If you follow the latest research in forestry, it’s hard not to come across studies relating to adaptive silviculture. In a nutshell, adaptive silviculture is “designed to specifically address climate change impacts and vulnerabilities to meet management goals and objectives.”
If you’ve ever been on a field tour of a forest that has recently seen a timber harvest and has undergone an adaptive silviculture treatment, you were likely impressed with the complex spatial distribution of residual trees following the harvest. These treatments create gaps between a quarter acre and a few acres in size, leave behind reserve areas where no trees are harvested, or incorporate thinning prescriptions in the “matrix”. All in a single stand, the spatial diversity of these stands can be incredible.
Stands that are managed for climate change can look complex, and so can quantifying their future structure. Most of our growth and yield models were designed to handle relatively simple forest management scenarios such as clearcuts, thinnings, and shelterwood treatments. Simulating stands that are managed under an adaptive silviculture framework can be accomplished with some growth and yield models, but not without careful tinkering.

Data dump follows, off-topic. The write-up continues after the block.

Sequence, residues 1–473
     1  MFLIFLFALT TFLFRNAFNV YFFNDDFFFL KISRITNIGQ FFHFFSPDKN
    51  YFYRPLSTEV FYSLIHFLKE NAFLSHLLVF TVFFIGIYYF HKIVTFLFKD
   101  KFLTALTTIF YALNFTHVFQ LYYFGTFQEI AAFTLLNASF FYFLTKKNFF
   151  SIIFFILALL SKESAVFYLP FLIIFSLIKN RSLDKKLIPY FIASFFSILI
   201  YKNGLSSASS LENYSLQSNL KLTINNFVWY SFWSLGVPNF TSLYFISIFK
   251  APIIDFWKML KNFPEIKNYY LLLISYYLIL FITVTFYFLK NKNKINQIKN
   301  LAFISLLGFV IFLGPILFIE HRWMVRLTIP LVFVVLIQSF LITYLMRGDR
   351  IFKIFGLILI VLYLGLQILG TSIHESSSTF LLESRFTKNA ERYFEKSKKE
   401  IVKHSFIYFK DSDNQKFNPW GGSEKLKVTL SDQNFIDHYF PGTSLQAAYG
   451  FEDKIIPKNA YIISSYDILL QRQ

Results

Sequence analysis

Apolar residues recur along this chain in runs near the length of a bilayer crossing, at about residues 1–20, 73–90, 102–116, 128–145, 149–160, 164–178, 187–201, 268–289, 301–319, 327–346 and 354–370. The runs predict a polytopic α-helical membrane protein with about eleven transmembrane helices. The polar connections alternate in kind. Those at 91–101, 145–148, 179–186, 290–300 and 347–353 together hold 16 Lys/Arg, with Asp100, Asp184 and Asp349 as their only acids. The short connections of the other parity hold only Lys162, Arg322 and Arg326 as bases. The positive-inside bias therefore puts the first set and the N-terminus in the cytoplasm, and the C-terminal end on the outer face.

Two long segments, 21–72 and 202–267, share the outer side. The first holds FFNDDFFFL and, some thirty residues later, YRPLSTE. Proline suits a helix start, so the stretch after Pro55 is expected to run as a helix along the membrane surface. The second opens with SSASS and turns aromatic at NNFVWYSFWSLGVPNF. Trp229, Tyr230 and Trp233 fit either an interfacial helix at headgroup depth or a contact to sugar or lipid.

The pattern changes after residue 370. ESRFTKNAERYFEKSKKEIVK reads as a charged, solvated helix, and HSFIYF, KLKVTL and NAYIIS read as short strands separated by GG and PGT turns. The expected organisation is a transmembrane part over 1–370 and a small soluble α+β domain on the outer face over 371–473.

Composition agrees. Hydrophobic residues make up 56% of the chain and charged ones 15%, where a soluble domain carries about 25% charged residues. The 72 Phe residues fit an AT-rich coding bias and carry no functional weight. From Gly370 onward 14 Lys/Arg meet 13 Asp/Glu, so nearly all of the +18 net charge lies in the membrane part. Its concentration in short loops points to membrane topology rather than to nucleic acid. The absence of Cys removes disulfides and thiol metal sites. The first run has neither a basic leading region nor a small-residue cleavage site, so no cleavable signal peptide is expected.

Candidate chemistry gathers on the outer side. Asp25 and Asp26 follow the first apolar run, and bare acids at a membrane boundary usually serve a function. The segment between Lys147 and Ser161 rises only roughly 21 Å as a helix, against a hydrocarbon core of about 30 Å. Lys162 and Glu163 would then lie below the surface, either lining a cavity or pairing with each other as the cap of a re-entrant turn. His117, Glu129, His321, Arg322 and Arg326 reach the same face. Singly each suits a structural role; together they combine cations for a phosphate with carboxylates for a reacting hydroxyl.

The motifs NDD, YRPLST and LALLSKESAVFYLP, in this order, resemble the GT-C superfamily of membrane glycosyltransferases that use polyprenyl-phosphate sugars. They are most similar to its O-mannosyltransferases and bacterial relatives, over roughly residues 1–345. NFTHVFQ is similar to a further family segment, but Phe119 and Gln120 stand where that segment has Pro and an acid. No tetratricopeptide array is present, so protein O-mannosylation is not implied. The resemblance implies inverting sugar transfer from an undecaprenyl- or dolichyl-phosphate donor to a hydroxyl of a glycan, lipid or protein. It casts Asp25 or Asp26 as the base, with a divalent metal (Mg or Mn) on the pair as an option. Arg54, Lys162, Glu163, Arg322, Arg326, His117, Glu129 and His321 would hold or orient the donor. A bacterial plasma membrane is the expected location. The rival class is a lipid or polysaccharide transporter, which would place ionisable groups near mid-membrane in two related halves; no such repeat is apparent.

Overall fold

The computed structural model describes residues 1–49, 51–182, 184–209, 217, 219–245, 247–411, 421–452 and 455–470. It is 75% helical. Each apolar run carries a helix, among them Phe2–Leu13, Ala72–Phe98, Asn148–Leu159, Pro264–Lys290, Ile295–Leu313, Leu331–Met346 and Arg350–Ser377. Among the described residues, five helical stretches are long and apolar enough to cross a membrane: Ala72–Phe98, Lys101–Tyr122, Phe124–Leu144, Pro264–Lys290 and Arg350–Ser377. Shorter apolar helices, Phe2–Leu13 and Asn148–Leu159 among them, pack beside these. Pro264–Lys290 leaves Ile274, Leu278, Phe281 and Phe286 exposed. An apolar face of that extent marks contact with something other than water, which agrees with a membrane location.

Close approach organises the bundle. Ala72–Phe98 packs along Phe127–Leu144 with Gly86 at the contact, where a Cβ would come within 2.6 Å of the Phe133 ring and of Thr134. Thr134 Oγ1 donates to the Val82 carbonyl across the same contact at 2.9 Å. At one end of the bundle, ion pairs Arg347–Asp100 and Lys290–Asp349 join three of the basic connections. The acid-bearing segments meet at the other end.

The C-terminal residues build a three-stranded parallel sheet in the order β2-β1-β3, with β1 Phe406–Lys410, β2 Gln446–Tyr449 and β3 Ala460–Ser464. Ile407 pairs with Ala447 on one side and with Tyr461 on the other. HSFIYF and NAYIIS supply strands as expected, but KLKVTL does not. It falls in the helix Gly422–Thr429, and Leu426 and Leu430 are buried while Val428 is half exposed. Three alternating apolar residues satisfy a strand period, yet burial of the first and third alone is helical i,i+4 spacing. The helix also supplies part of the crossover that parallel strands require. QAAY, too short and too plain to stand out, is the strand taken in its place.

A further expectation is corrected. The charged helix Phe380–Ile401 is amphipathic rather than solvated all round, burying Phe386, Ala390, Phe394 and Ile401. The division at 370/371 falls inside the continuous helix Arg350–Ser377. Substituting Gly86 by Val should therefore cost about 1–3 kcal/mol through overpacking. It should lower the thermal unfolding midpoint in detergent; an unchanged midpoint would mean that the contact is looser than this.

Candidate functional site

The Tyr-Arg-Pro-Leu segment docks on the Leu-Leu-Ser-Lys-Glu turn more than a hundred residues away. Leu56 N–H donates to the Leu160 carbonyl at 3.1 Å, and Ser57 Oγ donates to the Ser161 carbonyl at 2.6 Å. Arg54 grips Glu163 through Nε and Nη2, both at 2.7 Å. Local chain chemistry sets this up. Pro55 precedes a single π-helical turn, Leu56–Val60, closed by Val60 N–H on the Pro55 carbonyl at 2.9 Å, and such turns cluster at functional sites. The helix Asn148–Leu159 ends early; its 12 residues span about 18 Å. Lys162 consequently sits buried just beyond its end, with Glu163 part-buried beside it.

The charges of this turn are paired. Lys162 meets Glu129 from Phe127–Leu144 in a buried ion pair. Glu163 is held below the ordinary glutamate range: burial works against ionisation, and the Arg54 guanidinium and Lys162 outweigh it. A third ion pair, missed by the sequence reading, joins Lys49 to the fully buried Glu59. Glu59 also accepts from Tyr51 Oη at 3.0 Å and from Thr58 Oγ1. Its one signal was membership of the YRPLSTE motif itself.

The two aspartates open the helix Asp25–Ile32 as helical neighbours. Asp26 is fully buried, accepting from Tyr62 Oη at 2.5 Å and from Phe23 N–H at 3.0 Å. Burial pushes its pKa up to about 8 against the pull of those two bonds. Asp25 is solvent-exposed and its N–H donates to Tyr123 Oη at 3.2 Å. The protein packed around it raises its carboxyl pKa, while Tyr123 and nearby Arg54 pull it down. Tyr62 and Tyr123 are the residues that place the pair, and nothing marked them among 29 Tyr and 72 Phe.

This post will step through a tutorial using the Forest Vegetation Simulator (FVS), a widely used individual tree model that uses lists of trees (e.g., species and tree diameter) to forecast forest growth through time. The FVS model can simulate forest management activities, disturbances, and provide forest carbon and harvested wood products reports. A series of 22 different model variants provide regional differences in forest growth patterns. This analysis will simulate stands under an adaptive silviculture for climate change approach.